• Pair Physical and Spiritual Themes. Draw parallels between physical postures and life lessons based on how students approach the pose and how they react to its effects. Examples: Hip openers: “Giving up the struggle”; twists: “Breathing in the space you’ve got.”
5. Connection: Foster Awareness of Others

The mindfulness of yoga fosters a vulnerability that can open students up for more interpersonal connection. Facilitate “organic” ways for students to become aware of each other, and take this opportunity to connect on a deeper level with each person in class. Here are some ideas to help you get in the flow:

    • Shift Focus. Use students to demonstrate poses. Your student models do not have to be perfect, nor do they have to leave their mats. Point out one aspect of alignment on your model that will help the class connect with your cues. (“Look how Jenny extends her arms without lifting her shoulders.”) In this way, students become aware of others in the room, instead of always focusing on you.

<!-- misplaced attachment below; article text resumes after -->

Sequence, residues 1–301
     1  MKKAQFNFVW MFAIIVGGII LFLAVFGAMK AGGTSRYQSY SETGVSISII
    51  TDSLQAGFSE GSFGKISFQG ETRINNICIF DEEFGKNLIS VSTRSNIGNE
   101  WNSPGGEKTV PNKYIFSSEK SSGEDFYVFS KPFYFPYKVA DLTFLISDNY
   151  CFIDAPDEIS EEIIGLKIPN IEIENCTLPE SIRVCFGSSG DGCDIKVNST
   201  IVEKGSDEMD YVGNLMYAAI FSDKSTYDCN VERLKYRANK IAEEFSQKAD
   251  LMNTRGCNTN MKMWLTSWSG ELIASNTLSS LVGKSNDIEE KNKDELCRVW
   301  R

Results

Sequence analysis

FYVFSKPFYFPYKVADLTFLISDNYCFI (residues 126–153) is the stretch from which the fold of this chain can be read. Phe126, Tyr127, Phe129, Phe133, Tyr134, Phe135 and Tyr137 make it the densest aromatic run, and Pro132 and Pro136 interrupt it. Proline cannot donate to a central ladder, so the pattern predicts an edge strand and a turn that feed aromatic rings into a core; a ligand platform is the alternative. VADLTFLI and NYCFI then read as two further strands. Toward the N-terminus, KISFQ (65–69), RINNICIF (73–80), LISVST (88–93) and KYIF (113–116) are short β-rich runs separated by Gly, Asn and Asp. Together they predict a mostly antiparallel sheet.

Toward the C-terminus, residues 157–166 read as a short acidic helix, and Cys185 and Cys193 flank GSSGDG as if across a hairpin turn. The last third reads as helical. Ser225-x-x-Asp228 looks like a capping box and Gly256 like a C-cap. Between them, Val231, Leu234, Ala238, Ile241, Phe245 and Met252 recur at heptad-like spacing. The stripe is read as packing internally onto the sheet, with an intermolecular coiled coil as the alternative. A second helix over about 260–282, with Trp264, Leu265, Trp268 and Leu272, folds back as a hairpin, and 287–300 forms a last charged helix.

• Move Your Energy. Teach from several locations in the studio so you have the chance to be near multiple students. If you find yourself pacing the room, which can come across as anxious and unconfident, practice moving with purpose. Take a cue from stage actors and walk to your new “mark,” pause and breathe before moving again.
    • Practice Shadowing. Continue teaching as you come alongside a student and do the pose as his “shadow.” He should feel your shared energy and sense that you are “doing yoga together.”

Regardless of whether you’re new to teaching yoga or it’s a staple in your offerings, these five simple techniques will help you refine your approach and ultimately engage participants on a deeper level.

IDEA Fitness Journal , Volume 6, Issue 9

© 2009 by IDEA Health & Fitness Inc. All rights reserved. Reproduction without permission is strictly prohibited.

About the Author

Juliane Arney

Juliane Arney IDEA Author/Presenter

Juliane “Julz” Arney is a dance-fitness specialist with 18 years' experience, lead master trainer for Schwinn® Cycling professional education, author, group exercise programming consultant and th...